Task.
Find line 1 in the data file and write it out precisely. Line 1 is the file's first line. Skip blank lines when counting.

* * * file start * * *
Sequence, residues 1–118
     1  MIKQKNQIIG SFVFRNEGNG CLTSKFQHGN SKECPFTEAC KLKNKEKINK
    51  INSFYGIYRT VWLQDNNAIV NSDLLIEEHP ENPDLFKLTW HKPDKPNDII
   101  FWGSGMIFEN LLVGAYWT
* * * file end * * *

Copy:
Sequence, residues 1–118